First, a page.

7 October 2020
One might need Google Maps when taking a look at the often extensive resumes of Cayman International School faculty.
Being a part of the International School Services network opens a plethora of doors for teaching and learning support opportunities around the globe, from countries such as Abu Dhabi to Brazil and everything in between.
Despite many options to chose from, teaching at Cayman International School in the Cayman Islands remains a desirable post for a number of reasons.
Middle School humanities teacher Andrea Jarr, who made the move from Augsburg, Germany, to join Cayman International School this summer, says it was the complete package that finalised her decision.
“I was ready to try something new and I saw the advertisement for CIS,” she says. “I’ll admit: At first I saw the beautiful pictures of the island and the sunny weather — this was during the middle of winter in Germany — and I said to myself, ‘OK, living near a beach could be cool.'” But then when I read more about the school, especially its paradigms document, which gives a clear understanding of the learning and teaching that happens at CIS, I knew this was a place I wanted to be a part of.”
Based on her experiences thus far, Jarr is convinced the school is exactly what it positions itself to be.
“It was like a lock and key," she says. "It resonates with who I am as a person and an educator."
Grade one teacher Rochelle Slachta accepted a teaching position alongside her husband, high school English teacher Ron Slachta. She says she and her husband welcomed the opportunity to support the school during its ongoing expansion.
“We were excited about the possibility of working with colleagues to help a school in a stage of growth and development," says Slachta. “CIS is growing, and these transitional periods are not new to us, as our most recent school [in Latvia] had grown much in the way CIS has.”
Friendships the Slachtas formed during their teaching career played a role in their decision as well.
“We are fortunate to have two sets of friends here that we taught with at another fabulous school — The American School of The Hague — several years ago," says Slachta. "We knew that if they were happy here, we most likely would be, too. Of course, the idea of living in an idyllic, fairytale-like environment was not off-putting, either!”
A unique transition
Changing jobs and moving to another country can have its own set of challenges, but even more so when amplified by a global pandemic. However, the new faculty members received continuous guidance and support from the school’s administration and community, which made the transition more manageable.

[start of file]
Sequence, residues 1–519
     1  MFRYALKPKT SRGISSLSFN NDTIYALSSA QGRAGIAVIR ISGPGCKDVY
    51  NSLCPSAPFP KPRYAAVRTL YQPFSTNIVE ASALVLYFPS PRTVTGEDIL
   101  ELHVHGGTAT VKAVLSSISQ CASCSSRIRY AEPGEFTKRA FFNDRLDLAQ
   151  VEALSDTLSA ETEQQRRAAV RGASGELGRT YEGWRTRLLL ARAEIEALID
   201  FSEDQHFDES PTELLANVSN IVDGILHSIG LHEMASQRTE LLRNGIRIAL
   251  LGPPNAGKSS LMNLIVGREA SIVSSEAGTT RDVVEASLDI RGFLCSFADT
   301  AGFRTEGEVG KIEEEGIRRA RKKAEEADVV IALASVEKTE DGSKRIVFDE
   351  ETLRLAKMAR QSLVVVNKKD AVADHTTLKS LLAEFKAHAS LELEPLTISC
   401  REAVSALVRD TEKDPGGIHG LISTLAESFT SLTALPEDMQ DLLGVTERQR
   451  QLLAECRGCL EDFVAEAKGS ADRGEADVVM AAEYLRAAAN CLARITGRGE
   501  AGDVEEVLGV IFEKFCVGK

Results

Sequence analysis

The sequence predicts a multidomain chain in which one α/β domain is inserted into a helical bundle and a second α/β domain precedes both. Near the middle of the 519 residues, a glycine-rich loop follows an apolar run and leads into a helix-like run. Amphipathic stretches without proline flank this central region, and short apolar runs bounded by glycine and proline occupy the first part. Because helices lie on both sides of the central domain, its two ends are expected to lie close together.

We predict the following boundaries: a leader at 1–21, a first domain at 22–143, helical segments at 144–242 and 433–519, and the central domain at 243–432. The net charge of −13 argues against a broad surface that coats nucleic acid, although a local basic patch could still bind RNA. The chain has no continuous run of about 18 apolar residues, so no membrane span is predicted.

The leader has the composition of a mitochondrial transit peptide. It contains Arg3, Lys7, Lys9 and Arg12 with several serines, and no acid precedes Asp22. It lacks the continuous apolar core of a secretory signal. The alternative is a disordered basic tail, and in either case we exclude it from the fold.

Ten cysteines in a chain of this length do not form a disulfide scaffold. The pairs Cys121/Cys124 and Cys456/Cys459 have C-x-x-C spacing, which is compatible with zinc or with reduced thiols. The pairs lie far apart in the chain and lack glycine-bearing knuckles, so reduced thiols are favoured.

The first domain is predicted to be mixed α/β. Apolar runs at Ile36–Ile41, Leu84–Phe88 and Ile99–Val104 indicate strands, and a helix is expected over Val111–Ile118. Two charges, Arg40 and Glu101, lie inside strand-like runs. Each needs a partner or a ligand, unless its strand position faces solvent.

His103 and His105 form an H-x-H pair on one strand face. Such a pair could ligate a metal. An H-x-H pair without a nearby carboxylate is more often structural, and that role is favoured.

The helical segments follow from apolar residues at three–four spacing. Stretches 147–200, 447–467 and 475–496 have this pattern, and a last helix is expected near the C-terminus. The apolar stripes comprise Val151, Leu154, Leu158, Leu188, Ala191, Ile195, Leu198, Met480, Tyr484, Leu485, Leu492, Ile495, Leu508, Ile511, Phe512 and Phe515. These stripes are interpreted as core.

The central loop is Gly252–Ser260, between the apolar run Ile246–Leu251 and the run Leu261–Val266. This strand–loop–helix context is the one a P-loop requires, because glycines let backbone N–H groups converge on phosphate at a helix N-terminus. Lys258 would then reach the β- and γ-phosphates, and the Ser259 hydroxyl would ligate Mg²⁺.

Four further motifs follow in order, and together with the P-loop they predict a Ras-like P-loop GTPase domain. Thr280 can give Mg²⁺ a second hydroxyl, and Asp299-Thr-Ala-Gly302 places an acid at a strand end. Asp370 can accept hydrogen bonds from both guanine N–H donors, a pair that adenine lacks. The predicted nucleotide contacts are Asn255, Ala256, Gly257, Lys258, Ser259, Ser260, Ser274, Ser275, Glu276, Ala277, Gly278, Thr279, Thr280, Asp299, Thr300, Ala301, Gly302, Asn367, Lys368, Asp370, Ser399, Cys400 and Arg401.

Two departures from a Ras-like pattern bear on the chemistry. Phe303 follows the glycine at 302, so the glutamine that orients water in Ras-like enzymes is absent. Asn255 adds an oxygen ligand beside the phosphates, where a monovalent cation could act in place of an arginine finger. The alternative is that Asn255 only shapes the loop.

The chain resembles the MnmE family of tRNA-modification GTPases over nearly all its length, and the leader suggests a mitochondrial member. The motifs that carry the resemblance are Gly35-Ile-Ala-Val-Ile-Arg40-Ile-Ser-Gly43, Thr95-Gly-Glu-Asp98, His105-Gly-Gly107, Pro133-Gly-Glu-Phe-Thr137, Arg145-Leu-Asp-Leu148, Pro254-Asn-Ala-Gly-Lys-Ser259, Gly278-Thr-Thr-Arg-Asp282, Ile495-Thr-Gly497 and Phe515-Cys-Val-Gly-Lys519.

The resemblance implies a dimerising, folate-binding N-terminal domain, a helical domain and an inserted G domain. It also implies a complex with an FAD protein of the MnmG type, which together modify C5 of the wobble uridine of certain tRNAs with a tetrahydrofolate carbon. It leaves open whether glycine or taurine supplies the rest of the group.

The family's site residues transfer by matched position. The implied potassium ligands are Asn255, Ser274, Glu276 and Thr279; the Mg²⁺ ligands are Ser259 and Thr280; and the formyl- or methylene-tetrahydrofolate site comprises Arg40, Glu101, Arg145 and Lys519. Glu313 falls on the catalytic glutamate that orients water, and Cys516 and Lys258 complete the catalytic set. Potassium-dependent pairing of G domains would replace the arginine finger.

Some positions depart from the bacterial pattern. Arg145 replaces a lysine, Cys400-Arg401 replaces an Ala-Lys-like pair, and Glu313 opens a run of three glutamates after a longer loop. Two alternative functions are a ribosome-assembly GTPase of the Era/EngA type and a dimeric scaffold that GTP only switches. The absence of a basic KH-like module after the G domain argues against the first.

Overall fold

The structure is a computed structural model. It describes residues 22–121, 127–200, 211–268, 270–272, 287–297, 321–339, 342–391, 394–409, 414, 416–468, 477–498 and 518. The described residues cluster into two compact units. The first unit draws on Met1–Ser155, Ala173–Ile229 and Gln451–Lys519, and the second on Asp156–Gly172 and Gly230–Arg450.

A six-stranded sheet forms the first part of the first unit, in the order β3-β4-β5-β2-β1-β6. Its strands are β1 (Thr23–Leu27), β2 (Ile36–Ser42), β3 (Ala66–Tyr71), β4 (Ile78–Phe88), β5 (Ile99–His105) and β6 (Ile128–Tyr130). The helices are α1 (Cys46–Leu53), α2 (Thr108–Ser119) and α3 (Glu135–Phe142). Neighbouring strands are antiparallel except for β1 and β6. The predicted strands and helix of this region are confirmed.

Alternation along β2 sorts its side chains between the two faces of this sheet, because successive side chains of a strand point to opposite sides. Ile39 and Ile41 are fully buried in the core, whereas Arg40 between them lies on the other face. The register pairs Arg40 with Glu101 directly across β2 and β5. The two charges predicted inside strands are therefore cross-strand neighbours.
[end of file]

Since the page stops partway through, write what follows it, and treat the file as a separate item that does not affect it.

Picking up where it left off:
During the months leading up to their arrival, the administration facilitated monthly meetings to ensure new teachers would be well acclimated to the school and familiar with their then soon-to-be colleagues.
“We actually had Zoom new hire meetings with the incoming director, Jim Urquhart, and other administrators, which was very helpful in feeling connected and supported through the transition,” says Slachta. “They were truly supportive and positive, and the school, especially Julie Marr our HR director, worked with us at every turn.” Jarr echoes this sentiment.
“They are superheroes," she says. "Their communication with the new teachers was constant, kind and helpful. For the entire time, I felt that I was in good hands.”
Additionally, Jarr found the COVID-19 travel requirements for the Cayman Islands surprisingly easy.
“Travel Time did a great job of getting us on the island," she says. "The communication was good and the care I received while in quarantine at Palm Heights was amazing.”
As educational institutions the world over grapple with the changes brought about by the COVID-19 pandemic, the new teachers are grateful for the ability to resume classes with minimal impact to the learning environment here on Grand Cayman.
“We feel blessed beyond belief,” says Slachta. “It is priceless as a grade one teacher, to be able to be face-to-face with my little ones so they can see my expressions and have better overall understanding in the classroom that is unhindered by mask-wearing.”
Jarr says teachers around the world can only hope for the education situation the Cayman Islands has now.
“I have been able to talk with friends at other schools and it’s a point of inspiration," she says. "I show them pictures of my classroom with students interacting with one another, interacting with me, and I tell them, 'This will be you soon; just have hope and faith because it’s coming.”
This article originally appeared in the October 2020 print edition of Camana Bay Times with the headline "New teachers glad to be in Cayman."
About the Author
Ariel Thompson is a Senior Marketing Communications Coordinator at Dart, having joined the company in 2017. A lifelong writer, Ariel was born and raised in the Cayman Islands before studying abroad at Oakwood University in Huntsville, Alabama, for her degree in public relations and film and television. With eight years of experience in communications, Ariel joined Dart after working as Cayman International School’s first marketing communications officer. As her name would suggest, Ariel is a Disney fan and has a singing voice to rival The Little Mermaid’s. She loves to conceptualise TV and movie scripts and hopes one day to be a director. When in Camana Bay, Ariel can be found enjoying Mizu Asian Bistro + Bar’s Pad Thai, or shopping with friends and a scoop of gelato in hand.